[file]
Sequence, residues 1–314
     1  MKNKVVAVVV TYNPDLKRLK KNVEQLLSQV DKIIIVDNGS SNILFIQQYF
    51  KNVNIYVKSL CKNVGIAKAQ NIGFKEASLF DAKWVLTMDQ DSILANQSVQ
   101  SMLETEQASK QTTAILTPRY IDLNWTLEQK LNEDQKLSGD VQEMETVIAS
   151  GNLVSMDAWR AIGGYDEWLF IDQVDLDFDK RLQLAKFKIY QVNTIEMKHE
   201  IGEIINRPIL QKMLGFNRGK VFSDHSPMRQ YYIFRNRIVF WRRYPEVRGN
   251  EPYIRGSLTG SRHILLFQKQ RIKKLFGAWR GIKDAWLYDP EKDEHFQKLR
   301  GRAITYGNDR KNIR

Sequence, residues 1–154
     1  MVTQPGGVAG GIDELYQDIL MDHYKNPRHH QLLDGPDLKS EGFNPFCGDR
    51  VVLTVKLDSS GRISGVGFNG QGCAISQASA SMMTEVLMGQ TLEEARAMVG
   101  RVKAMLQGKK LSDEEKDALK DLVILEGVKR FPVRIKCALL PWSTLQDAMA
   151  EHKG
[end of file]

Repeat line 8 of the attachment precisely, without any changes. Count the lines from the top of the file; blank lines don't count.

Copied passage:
   301  GRAITYGNDR KNIR